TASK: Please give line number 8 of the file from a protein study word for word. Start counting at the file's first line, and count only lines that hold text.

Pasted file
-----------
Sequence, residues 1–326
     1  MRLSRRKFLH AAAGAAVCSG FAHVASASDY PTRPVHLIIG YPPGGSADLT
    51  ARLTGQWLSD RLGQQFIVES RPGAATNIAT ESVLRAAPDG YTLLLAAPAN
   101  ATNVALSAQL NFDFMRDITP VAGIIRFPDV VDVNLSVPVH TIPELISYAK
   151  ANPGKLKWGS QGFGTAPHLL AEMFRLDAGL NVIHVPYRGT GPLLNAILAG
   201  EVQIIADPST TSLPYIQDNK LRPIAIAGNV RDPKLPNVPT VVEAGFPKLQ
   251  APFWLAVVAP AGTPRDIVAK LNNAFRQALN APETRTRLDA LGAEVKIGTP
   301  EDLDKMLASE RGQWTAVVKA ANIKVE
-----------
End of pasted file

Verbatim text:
   301  EDLDKMLASE RGQWTAVVKA ANIKVE